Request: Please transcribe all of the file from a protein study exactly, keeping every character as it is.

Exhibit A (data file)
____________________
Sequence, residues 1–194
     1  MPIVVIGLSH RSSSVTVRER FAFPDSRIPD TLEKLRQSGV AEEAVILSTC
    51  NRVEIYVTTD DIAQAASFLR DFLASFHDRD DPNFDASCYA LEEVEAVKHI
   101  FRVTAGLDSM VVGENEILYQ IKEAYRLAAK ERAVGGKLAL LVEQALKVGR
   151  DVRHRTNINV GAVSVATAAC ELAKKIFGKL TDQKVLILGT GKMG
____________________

Sequence, residues 1–194
     1  MPIVVIGLSH RSSSVTVRER FAFPDSRIPD TLEKLRQSGV AEEAVILSTC
    51  NRVEIYVTTD DIAQAASFLR DFLASFHDRD DPNFDASCYA LEEVEAVKHI
   101  FRVTAGLDSM VVGENEILYQ IKEAYRLAAK ERAVGGKLAL LVEQALKVGR
   151  DVRHRTNINV GAVSVATAAC ELAKKIFGKL TDQKVLILGT GKMG